As to glass, my much better half assists a glassblower and his wife on their homestead. His wife is a ceramicist of note and does her own wood firings. They generate an unbelieveable amount of glass and pottery that can't be recycled, and some pieces are quite striking, so what they are doing is creating a gabion wall-like structure to fill the space under their deck, for which they will curate the facade from the best pieces available.

Back to the plastic, I think perhaps compacting plastic material into large bricks and then perhaps seeing if they can serve a structural or insulative purpose sealed into an alternative or natural building would make me more comfortable than heating plastic to a pourable state in a home setting.

-CK
 
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Casie Becker wrote:Is there any art supply or artist studio in your area that rents kiln time? It wouldn't be done in your house, but you could assemble your recycled glass into a mosaic and then melt it together into a solid glass surface



Different glass bottles have have different coe (coefficient of expansion)- meaning they all cool at different rates. Glass bottles melted together will separate as they cool (sometimes with some force) . This is true even for bottles of the same brand. You can get art-glass with a guaranteed coe, but not random glass bottles. Whilst it is possible mix such glass you need much higher temperatures- a furnace rather than a kiln!

Glass in concrete looks awesome, but I've only ever seen it done with some serious grinding equipment to get the surface flat. Just casting concrete over glass in a form and we ended up with just a load of air bubbles and badly adhered glass...

 
pollinator
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Take it from someone who accidentally set a plastic plate on a hot stove burner and didn't notice - you don't want to melt this stuff inside! the plastic aeresolizes and you can smell it throughout the house, and it did get into the food that was cooking on another burner.
we couldn't use that burner even after multiple thorough cleanings because the plastic smell would still emanate whenever it was turned on.

Double boiler on a gas grill or outdoor fire would work.
 
Casie Becker
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Thank you Charli.  I didn't know about that concern.  What I usually see is individual items melted down.  Is making glass tiles to mortar together any better?
 
Charli Wilson
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Casie Becker wrote:Thank you Charli.  I didn't know about that concern.  What I usually see is individual items melted down.  Is making glass tiles to mortar together any better?



Anything made from a single glass source will be fine- so each tile made from one bottle would work, you just can't mix them. Or if you did mix them- be prepared for a lot of failures! You can usually kiln-melt float glass (clear window glass) together with a reasonable success rate. Again anything from the same sheet of glass is fine, occasionally different sheets mixed together will separate as they cool- but way less than bottles do.
 
M D Scott
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Thanks for the really useful replies everyone (as always on this forum) so if I can narrow down what we are saying;

* Plastic = requires either a dedicated oven or is best used as a bulk building material

* Glass = best used either as single types melted and worked together or if using glass fragments from different sources best combined with another medium.

In terms of using glass with another medium then what can we use? If concrete is hard to successfully use together with glass is resin the way to go?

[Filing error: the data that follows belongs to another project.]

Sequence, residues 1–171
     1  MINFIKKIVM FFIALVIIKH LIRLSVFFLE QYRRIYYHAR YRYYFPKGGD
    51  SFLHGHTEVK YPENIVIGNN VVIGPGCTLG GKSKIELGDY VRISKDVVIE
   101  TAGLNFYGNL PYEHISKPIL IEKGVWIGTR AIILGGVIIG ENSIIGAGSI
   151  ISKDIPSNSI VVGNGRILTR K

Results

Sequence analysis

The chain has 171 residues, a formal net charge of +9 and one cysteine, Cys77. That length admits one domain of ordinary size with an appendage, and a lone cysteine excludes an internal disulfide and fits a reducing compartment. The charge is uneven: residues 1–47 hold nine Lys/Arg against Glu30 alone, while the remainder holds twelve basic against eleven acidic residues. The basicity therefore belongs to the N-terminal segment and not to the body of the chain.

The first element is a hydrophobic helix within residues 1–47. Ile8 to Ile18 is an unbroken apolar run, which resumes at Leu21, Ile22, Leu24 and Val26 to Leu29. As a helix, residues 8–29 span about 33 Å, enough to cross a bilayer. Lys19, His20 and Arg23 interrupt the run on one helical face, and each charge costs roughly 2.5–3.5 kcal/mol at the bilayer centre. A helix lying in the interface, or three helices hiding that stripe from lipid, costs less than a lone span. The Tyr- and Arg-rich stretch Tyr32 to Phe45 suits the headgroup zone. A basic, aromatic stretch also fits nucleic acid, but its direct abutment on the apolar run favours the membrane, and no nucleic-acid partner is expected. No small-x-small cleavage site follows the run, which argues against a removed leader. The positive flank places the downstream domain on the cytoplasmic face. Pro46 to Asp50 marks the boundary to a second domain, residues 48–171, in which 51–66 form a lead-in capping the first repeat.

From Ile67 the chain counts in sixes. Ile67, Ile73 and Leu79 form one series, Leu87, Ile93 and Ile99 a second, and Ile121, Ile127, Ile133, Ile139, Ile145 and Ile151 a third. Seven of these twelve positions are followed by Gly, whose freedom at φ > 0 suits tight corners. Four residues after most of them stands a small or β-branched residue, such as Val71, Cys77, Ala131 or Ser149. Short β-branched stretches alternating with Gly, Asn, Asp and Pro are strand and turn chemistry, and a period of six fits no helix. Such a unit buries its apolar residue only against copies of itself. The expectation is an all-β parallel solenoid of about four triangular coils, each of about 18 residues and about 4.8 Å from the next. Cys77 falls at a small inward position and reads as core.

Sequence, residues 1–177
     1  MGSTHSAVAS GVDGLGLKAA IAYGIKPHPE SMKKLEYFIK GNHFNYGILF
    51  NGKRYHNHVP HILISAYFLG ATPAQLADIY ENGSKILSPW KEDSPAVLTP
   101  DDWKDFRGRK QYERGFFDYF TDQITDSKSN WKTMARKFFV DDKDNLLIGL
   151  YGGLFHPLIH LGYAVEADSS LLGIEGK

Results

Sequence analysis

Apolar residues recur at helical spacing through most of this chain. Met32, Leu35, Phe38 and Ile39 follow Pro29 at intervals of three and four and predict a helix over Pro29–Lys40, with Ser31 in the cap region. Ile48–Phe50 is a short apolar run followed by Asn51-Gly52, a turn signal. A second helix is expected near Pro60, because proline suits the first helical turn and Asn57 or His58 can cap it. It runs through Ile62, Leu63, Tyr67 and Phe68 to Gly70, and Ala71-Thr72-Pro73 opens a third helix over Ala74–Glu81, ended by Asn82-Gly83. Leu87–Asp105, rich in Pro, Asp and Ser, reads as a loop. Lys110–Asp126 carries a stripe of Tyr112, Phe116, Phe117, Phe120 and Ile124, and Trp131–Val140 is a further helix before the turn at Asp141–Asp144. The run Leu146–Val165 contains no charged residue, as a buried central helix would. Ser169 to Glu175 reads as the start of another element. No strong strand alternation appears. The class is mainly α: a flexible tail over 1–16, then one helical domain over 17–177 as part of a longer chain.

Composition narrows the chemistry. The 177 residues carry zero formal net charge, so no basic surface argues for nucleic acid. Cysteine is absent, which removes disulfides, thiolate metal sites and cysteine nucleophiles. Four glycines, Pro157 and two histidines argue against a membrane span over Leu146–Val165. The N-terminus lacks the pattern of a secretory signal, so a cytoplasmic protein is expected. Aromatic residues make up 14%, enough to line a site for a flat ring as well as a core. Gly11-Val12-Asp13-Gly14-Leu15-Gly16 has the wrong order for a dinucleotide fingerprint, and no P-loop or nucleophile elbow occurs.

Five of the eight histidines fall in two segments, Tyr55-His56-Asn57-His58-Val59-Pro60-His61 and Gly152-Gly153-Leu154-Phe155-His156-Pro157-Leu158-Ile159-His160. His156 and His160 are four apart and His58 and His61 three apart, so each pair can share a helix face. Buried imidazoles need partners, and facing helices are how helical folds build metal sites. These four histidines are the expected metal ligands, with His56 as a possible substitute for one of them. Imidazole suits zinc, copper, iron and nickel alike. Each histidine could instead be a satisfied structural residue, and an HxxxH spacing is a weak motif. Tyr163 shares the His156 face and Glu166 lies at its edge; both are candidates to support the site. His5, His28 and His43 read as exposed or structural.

Charli Wilson
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You can use concrete in glass- it just won't look like your picture without some serious sanding/grinding equipment (which you can rent, so might not be horrifically expensive). The smaller you grind glass up the less sanding you'd have to do to get a flat surface (I think), but the less you'd be able to see the glass colours. It's pretty common here to use ground glass as aggregate in concrete- but glass as fine as sand wouldn't look very special.

Glass tiles/bits in mortar/tile adhesive (mosaic style), as Casie said- could look really nice. Depending on the shape of the glass you might not get a very flat table, or you put a flat resin layer on top, or find someone with a kiln to melt bottles/etc flat before you use them for tiles.

I've never tried resin, but as you'd putting that on top of the glass and covering it entirely it might be easier.
Whatever you use getting most of the air bubbles out of irregularly shaped bits of glass will require some attention to detail!

 
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Here are a couple of articles that might help:

https://homeguides.sfgate.com/make-clear-countertop-30429.html

https://homeguides.sfgate.com/make-recycled-glass-counters-102656.html


This guy's youtube makes it look so easy:





And this one might help:



 
M D Scott
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Thanks Charli you always give really good answers! I was quite tempted to look into getting a little rock tumbler and sorting out some of these empty bottles I have.

Anne Miller the precious plastic stuff always looks fantastic; I get the impression they use some serious kit to get the sort of items they have there though; the tiles are absolutely fantastic though so i'd love to be able to make those.
 
Chris Kott
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Thanks, Charli. I was going to bring up the coefficient of expansion, but I didn't want to be the only one nerding out.

I would keep in mind, when trying to upcycle, that not heating this stuff up, any of it, is more environmentally friendly than any other course. Leaving aside the creation of airborne pollutants that we don't want, using energy to change the stuff to another form increases it's embodied energy costs, if not defeating the purpose, certainly making it a less environmentally-friendly one than the thread title suggests.

-CK